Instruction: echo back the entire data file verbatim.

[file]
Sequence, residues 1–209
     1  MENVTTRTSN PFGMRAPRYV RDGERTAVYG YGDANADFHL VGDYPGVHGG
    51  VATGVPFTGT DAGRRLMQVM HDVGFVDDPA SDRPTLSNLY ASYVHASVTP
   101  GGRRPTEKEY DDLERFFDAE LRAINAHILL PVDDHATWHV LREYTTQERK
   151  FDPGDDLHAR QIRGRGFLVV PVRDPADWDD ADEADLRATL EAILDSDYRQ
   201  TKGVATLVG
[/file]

Sequence, residues 1–209
     1  MENVTTRTSN PFGMRAPRYV RDGERTAVYG YGDANADFHL VGDYPGVHGG
    51  VATGVPFTGT DAGRRLMQVM HDVGFVDDPA SDRPTLSNLY ASYVHASVTP
   101  GGRRPTEKEY DDLERFFDAE LRAINAHILL PVDDHATWHV LREYTTQERK
   151  FDPGDDLHAR QIRGRGFLVV PVRDPADWDD ADEADLRATL EAILDSDYRQ
   201  TKGVATLVG